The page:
Guffey thanked Linn for “working tirelessly on this effort,” while Linn commented that the celebration is “more of an education event for the Town of Franklin.”
Police department assessed
Bill Hollingsed, executive director of the N.C. Association of Chiefs of Police, officially presented an assessment of the Franklin Police Department and shared areas of priority versus factors that might eventually be addressed. He commented that overall “Franklin is in really good shape … and Police Chief Harrell has already implemented some changes.” He pointed out that the report covers issues regarding employee compensation, training, body and in-car camera systems, and more. Also discussed were considerations involving the department becoming fully accredited in the future in order to adhere to established “best practices.”
“The police are subject to a lot of criticism right now,” said Mayor Jack Horton, adding that “building trust in the police department and helping the public at large to know that the police are there to serve and protect” is of the highest priority.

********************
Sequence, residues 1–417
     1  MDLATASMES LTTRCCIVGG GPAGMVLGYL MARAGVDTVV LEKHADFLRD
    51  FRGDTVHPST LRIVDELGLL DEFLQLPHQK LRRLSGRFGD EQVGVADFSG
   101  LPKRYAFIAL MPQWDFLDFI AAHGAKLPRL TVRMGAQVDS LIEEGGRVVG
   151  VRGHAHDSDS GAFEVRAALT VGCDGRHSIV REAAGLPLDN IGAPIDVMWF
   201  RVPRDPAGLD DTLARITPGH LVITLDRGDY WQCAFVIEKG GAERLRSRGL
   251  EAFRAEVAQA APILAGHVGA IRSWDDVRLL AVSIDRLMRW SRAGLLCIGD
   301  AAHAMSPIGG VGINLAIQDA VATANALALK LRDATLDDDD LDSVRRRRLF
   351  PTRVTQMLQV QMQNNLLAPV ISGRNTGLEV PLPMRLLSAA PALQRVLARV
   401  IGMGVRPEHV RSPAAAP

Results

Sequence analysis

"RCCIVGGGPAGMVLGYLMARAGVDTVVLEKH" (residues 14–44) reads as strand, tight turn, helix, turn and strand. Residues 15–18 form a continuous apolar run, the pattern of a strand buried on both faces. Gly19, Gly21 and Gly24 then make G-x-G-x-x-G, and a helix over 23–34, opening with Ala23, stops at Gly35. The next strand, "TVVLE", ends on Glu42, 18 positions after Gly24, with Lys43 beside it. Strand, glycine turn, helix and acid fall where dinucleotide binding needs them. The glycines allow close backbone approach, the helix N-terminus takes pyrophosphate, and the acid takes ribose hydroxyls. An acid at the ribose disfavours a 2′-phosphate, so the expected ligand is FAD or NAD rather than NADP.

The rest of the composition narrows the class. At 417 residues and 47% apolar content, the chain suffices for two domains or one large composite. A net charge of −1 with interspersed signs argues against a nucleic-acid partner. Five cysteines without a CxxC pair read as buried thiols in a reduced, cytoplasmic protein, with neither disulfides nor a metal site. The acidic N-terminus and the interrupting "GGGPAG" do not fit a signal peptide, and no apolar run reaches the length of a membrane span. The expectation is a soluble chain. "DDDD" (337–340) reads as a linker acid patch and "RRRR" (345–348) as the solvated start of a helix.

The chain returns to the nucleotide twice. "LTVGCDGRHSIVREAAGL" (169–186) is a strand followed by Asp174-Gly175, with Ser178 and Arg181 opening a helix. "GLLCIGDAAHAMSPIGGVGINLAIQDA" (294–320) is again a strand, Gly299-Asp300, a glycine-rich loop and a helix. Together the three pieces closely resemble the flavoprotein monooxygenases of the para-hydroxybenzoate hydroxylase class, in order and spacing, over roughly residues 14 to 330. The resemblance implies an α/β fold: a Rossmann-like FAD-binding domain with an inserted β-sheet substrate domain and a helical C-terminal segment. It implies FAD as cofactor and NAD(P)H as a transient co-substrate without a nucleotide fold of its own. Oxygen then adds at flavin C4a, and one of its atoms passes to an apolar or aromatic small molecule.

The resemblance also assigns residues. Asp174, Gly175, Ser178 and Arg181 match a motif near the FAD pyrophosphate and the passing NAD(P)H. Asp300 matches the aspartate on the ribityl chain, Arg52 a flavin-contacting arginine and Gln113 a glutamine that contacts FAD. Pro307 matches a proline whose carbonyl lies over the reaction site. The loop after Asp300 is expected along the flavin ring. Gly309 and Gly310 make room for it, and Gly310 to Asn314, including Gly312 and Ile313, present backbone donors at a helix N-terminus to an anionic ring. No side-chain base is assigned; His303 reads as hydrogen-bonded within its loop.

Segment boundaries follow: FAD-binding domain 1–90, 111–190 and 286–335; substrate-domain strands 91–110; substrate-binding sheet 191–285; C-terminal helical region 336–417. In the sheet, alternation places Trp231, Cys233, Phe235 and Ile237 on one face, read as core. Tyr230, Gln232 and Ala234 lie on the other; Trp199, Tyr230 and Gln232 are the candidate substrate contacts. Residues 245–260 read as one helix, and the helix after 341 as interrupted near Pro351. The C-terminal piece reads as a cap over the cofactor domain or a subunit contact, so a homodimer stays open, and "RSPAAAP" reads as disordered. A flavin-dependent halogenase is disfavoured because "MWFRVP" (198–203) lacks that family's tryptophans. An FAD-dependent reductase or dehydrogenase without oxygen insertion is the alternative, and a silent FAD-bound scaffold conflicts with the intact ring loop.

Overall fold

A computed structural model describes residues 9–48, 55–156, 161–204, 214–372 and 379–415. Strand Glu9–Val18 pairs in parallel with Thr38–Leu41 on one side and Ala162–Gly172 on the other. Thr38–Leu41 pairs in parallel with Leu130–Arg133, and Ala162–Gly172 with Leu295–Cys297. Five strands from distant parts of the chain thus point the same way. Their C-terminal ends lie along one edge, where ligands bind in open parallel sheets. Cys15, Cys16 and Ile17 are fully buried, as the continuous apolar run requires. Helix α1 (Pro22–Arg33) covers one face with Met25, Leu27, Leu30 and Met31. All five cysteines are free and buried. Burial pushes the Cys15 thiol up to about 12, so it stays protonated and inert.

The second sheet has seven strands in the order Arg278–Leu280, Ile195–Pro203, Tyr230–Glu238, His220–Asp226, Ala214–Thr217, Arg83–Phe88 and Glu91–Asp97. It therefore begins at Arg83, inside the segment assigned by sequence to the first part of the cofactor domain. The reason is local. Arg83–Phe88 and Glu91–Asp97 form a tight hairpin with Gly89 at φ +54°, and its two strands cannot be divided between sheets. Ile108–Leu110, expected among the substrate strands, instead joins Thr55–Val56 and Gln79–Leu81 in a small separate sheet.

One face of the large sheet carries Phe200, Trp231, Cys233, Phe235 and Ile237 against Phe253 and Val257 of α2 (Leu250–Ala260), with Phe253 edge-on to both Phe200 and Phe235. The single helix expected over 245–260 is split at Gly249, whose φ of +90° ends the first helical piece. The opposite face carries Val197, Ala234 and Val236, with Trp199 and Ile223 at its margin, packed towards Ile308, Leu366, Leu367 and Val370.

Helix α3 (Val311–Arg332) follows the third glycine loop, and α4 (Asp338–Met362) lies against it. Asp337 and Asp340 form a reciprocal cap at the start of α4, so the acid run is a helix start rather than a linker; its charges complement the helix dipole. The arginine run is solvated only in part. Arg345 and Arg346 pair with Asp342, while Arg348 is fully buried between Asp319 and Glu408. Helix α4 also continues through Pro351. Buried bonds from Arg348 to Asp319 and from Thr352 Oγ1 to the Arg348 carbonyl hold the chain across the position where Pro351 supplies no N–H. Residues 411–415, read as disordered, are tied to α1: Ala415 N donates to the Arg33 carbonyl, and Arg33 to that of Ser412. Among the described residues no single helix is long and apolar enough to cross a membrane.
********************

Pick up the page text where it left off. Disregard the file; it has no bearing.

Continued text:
Additionally, Keith Pugh, a client success manager with Withers Ravenel, presented an extensive ADA (Americans with Disabilities) plan to the council that evaluates how sidewalks, especially, as well as other public infrastructure, can better comply with ADA guidelines.
“We got public input via a survey,” said Pugh, “and there is a desire for better accessibility in some areas. A lot of the fixes are relatively simple.”
“You don’t realize how important accessibility is unless you are handicapped,” said Horton, “and we want everyone who comes here to have accessibility.”
No one from the public who attended the meeting offered input about the Fiscal Year 2022/2023 Budget, which was the focus of a recent article in the May 25 Macon County News. Approval of the budget will take place after the Macon County Commissioners approve a fire district tax; the Council agreed to meet again before the end of June to discuss and approve the budget.
Town Planner Justin Setser presented, through an Appalachia Grant opportunity, details about converting the long-vacant, former Scott Griffin Hotel and Roof Garden – closed in 1955 – into a boutique hotel and restaurant. Present at the meeting was Janet Green, whose father J.C. Jacobs owned the building after the hotel closed for the 50 years until his death. She said, “It would tickle my dad to no end to know this might happen.”